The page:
After several days in a row of disappointments, rejection slips and discouraging news, I decided it was time for me to go in search of tall trees, rushing streams, and birdsong. It’s true; where I live, I needn’t go farther than my front porch to find those ingredients in the formula for serenity, but I craved a long walk in a deep canyon as well… and a swim in a mountain pool.
So I drove to the Santa Anita canyon hiking area. I was happy to see few cars in the parking lot, and as I headed down the trail, I could see that most of the hikers were following the path which leads to Sturtevant Falls, a beautiful waterfall at the end of a pleasant walk down. I opted for the small single track trail to Hermit Falls, a much smaller waterfall—really, just a section of stream where the water slides over a tall boulder but splashes into a very deep pool before it continues on its way, running down the mountain.
The narrow trail follows a series of switchbacks down, down, down into a very steep canyon where the tree canopy is so lush, you are always walking in shade, no matter what the time of day. Because it is still early summer, I walked past wildflowers of lavender, pink, yellow and pale blue. I moved slowly along the trail, breathing in the scent of wild sage, remembering lines from Wordsworth’s “Tintern Abbey” poem, the treatise he wrote for his sister about the immutability of Nature. Things change. People change. These “rocks and rills” remain the same for countless generations.
When I reached the falls, I was only mildly disappointed to find that a group of young people had arrived before me. I had barely arrived when a young couple approached and asked me to take their picture. I obliged, playing the role of serious photographer for a moment, then moved as far away from their group—and the wafting pot smoke—as I could, nestling down onto a smooth boulder next to the emerald water of the deep pool.
I hadn’t hiked alone in this canyon for many, many years. Usually, I go at least once each summer, always taking a male friend… just in case. But yesterday I was alone… because I needed to be. For a few moments, I sat on the rock, venting my feelings in the words that poured into my journal. The sun was hot as it reflected off the surrounding rocks, and it didn’t take long before the lure of the water drew me in. I stood up, removed my shoes and socks, remembered my truck keys in my pocket and placed them safely in my backpack, then stepped ankle-deep into the water.
The first ten years I hiked to this spot, I never swam in the pool. The water cascades down from the San Gabriel mountaintops, and it is comprised primarily of snowmelt. It’s freezing cold. When I first started hiking in the canyon, I would go in spring or fall, because it can be perilously hot hiking out on scorching summer days. But finally, some years ago, I took a friend along, and he patiently waited with me until I mustered the courage to jump in. (I told him he had to be there in case I had a heart attack—so he could let my kids know I died doing something I loved.)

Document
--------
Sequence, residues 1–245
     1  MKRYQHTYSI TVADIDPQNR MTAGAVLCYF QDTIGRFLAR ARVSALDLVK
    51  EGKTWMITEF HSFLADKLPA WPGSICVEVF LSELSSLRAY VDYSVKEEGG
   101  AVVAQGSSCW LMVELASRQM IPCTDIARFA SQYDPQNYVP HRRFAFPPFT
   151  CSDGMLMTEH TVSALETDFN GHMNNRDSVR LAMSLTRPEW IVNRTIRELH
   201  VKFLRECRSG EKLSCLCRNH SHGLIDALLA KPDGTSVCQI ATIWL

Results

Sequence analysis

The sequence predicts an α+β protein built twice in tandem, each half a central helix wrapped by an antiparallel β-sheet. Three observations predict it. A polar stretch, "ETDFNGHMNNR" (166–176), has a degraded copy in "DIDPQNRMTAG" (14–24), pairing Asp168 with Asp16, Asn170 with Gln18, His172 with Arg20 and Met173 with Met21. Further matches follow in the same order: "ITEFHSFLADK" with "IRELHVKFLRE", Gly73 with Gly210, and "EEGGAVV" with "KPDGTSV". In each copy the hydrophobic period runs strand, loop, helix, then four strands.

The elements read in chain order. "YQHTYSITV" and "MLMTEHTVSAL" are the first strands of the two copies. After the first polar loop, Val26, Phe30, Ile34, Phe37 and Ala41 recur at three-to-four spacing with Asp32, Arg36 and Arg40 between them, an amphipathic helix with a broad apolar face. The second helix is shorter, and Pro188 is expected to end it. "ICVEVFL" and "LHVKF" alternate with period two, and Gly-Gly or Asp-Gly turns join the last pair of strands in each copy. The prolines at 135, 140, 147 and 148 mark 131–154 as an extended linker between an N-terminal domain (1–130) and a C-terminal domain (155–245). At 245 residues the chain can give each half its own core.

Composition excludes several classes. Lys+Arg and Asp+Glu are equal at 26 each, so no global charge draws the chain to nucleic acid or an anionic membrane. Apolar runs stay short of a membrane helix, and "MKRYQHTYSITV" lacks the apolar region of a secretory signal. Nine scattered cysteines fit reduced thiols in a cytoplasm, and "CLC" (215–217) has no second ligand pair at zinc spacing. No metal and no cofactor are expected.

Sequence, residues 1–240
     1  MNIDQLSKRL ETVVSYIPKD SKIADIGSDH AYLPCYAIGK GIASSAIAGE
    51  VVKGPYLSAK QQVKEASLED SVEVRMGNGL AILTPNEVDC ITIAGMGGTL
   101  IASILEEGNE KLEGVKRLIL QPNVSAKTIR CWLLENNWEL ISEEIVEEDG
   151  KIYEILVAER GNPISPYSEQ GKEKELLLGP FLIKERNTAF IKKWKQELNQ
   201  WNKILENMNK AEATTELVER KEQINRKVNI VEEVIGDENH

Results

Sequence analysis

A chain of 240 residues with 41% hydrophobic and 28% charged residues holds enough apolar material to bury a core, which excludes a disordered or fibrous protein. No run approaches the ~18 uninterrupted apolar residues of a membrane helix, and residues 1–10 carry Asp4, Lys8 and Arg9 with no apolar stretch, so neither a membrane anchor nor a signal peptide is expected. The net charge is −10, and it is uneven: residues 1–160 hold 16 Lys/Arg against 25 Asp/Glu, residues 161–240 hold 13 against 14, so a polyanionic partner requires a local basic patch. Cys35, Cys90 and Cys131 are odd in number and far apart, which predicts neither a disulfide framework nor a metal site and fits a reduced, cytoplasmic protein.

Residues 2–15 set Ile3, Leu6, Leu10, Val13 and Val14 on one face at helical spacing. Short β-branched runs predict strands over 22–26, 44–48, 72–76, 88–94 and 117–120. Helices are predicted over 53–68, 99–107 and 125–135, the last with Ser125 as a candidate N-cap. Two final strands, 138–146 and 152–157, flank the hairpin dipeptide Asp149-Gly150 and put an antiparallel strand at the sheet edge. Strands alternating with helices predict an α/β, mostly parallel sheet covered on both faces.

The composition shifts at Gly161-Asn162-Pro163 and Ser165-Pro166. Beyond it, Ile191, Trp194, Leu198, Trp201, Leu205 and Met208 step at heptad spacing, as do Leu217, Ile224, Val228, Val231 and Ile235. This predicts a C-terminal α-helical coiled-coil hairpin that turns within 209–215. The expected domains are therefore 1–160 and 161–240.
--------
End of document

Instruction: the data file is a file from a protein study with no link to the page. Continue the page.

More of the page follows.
Yesterday, as I stood on the rock feeling my ankles go numb from the cold, I contemplated not going in. I just didn’t want to feel that first immersion into the aching cold. Yet I knew if I didn’t go, I’d be angry with myself all the way back up the trail. And I would feel defeated. If I needed anything at that moment, it was to feel victorious over something, anything in my life. I crouched over… and slipped in.
The first shock is never pleasant, but the joy of having it over with, of being free to swim in clear water with nothing but a blue sky above, is delicious. I swam several laps of the pool, then floated on my back for a few tranquil moments. Finally I pulled myself out, shorts and tank top dripping. The warmth of the rock spread through my bones as I leaned back comfortably to dry out and eat some lovely cheese and a few crackers. As I finished, another group of young people arrived, challenging each other to jump into the pool from the rocks above, and I knew it was time for me to head back up the trail.
Yes, at times, life sucks. I have no idea what changes will occur in my life in the following year. But one thing remains constant, and that is the beauty of that deep mountain pool. If the forces of the universe are willing, I will return to it again next year and somehow find the courage to dive into the icy waters… to taste that wild freedom once again.